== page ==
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Drone to spot leaks and fix pipelines wins international competition


Talib Alhinai, member of the Imperial Buildrone team
Talib Alhinai, member of the Imperial Buildrone team

Imperial college ‘Buildrone’ wins £190,000 to further develop prototype

A prototype drone from Imperial College London that can spot leaks and fix pipelines from the air has won a major international drone competition.

The Imperial ‘Buildrone’ team took first place in the United Arab Emirates’ Drones for Good Award for their aerial robot that can ‘print’ material to seal leaks in pipes. The team fought off competition from more than 1,000 entries from around the globe.   

The Buildrone team, part of Imperial’s Aerial Robotics Lab, was supervised by Dr Mirko Kovac and led by PhD student Talib Alhinai who are both from the Department of Aeronautics at Imperial.

The competition was an initiative of the United Arab Emirates, which aimed to bring together the innovative technologies behind civilian drones and showcase how they can be turned into practical solutions for improving people’s daily lives. 

Alhinai said: “Compared to current methods where humans have to maintain pipelines, our approach offers major time and cost savings while simultaneously reducing risks to engineers when doing inspection and repair tasks.”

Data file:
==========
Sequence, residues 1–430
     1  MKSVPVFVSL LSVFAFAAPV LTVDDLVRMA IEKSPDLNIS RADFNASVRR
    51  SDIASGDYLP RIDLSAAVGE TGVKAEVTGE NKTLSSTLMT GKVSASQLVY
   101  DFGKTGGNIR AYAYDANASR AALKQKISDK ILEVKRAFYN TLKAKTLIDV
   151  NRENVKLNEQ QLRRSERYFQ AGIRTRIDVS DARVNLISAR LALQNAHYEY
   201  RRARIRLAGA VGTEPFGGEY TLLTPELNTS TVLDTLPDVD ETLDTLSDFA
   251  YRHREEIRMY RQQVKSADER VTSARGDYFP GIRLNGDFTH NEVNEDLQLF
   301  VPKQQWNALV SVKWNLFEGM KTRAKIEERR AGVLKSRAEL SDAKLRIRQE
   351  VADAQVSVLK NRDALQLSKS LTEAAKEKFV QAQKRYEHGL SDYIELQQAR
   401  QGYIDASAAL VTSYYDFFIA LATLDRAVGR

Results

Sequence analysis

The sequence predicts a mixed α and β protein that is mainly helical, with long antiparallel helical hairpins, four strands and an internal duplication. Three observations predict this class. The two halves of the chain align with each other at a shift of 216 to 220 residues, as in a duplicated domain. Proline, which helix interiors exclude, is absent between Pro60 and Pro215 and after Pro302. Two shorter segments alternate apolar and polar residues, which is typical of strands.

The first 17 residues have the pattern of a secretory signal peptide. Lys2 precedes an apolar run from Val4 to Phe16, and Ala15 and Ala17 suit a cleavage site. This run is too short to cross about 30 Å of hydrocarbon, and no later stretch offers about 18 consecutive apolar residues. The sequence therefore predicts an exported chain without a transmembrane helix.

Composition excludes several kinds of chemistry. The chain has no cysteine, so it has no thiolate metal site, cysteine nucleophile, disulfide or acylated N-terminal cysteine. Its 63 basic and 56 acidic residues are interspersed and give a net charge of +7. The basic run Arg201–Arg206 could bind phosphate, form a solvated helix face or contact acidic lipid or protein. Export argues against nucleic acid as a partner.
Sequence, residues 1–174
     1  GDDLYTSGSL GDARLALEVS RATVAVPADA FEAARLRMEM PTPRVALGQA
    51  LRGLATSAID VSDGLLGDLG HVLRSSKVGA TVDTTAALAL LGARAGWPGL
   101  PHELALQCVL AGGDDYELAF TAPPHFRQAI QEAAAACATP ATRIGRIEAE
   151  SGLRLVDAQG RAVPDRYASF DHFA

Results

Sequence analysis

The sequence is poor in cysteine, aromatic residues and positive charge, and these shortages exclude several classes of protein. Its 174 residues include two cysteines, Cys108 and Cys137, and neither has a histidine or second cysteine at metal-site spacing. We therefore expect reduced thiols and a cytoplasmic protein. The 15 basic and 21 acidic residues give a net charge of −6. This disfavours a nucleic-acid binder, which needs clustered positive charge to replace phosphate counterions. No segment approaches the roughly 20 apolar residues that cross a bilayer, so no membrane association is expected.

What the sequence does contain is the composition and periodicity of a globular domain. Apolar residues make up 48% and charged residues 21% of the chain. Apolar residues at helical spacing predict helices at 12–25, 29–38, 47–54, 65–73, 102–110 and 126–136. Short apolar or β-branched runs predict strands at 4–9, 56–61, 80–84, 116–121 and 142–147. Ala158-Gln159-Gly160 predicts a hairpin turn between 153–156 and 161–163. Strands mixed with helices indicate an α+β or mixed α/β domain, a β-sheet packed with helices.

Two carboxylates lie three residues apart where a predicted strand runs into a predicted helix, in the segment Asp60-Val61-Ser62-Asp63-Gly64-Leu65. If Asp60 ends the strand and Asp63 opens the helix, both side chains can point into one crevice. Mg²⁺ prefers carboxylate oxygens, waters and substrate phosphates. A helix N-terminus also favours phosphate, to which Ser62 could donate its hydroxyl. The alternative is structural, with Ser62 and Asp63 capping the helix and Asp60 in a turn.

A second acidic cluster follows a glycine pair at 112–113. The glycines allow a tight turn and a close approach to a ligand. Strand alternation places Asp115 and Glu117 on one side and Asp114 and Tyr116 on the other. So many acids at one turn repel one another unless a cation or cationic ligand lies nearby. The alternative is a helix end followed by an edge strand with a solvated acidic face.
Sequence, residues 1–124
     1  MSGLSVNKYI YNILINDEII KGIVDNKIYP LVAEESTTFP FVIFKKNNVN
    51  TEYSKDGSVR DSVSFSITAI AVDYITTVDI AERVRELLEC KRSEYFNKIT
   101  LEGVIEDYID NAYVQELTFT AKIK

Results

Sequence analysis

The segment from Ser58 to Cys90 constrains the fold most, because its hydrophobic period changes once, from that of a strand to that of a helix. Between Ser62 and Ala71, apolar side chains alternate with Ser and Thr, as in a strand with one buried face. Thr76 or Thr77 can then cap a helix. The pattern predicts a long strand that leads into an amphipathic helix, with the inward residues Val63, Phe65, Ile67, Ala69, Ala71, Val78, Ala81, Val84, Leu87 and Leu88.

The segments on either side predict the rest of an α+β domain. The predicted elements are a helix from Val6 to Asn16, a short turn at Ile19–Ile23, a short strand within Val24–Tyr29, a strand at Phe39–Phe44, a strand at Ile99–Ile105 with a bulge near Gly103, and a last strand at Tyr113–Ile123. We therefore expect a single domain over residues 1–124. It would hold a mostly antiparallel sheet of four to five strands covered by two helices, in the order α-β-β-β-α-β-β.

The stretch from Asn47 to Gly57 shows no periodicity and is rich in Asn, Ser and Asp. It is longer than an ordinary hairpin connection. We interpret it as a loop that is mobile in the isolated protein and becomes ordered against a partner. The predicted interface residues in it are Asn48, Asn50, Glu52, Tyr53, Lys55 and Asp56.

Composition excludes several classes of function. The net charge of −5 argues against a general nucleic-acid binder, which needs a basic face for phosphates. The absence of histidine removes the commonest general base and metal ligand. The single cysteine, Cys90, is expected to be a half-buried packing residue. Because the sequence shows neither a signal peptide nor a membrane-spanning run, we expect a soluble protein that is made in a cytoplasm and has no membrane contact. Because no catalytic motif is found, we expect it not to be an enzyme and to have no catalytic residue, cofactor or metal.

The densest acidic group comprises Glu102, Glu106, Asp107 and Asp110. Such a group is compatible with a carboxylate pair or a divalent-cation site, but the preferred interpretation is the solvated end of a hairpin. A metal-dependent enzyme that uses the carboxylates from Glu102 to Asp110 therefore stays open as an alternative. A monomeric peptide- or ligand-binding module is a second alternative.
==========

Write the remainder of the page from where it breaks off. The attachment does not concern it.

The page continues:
The aerial robot is currently configured to carry out its repairs by depositing liquid polyurethane foam on a leaking pipeline. After the foam is applied, it takes less than five minutes to fully expand upon contact with air to effectively seal the area. The sealant is well-suited to such applications as it is lightweight, fitting in with the drone’s carrying ability, and can expand up to 25 times its size after it is applied.

Alhinai explained that the drone was developed to tackle issues such as chemical leaks from pipeline networks that affect the energy and chemical industry. “Oil spills in vulnerable environments, leaks from explosive methane gas in cracked pipelines and toxic chemicals escaping supply pipes are a major hazard and can endanger humans, the ecosystem and lead to substantial financial losses,” he said. 

To stress the importance of the project Alhinai cited recent examples of pipeline leaks, including the toxic spill of cancerous chemicals in the Yellowstone River in the United States; a leak in Alberta, Canada, where five million litres of oil polluted the environment; and a gas pipeline explosion that killed five people in Mexico.

“Around 25 per cent of precious drinking water around the world is also lost due to leaking pipelines. The United Arab Emirates alone loses at least ten per cent, Saudi Arabia loses up to a staggering 60 per cent of its water through pipeline leaks and Syria and Jordan lose up to 45 per cent,” said Alhinai. “These leaks can be prevented and aerial robotics can be a game-changing tool to not only detect the leaks but also repair it on-site and in real-time.”

The Imperial team will use the £190,000 prize money to create a more user friendly interface for the robot and ensure it can withstand challenging weather conditions. They will also further develop the prototype for a pilot project with an industrial partner over the next six to 12 months.



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